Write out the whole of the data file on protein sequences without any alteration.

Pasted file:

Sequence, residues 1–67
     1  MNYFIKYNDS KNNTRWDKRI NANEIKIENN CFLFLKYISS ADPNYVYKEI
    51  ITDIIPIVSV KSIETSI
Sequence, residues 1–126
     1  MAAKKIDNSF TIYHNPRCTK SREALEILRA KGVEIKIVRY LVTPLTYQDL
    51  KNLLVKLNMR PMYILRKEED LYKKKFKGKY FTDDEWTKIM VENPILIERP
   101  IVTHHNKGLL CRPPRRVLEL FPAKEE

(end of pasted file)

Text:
Sequence, residues 1–67
     1  MNYFIKYNDS KNNTRWDKRI NANEIKIENN CFLFLKYISS ADPNYVYKEI
    51  ITDIIPIVSV KSIETSI
Sequence, residues 1–126
     1  MAAKKIDNSF TIYHNPRCTK SREALEILRA KGVEIKIVRY LVTPLTYQDL
    51  KNLLVKLNMR PMYILRKEED LYKKKFKGKY FTDDEWTKIM VENPILIERP
   101  IVTHHNKGLL CRPPRRVLEL FPAKEE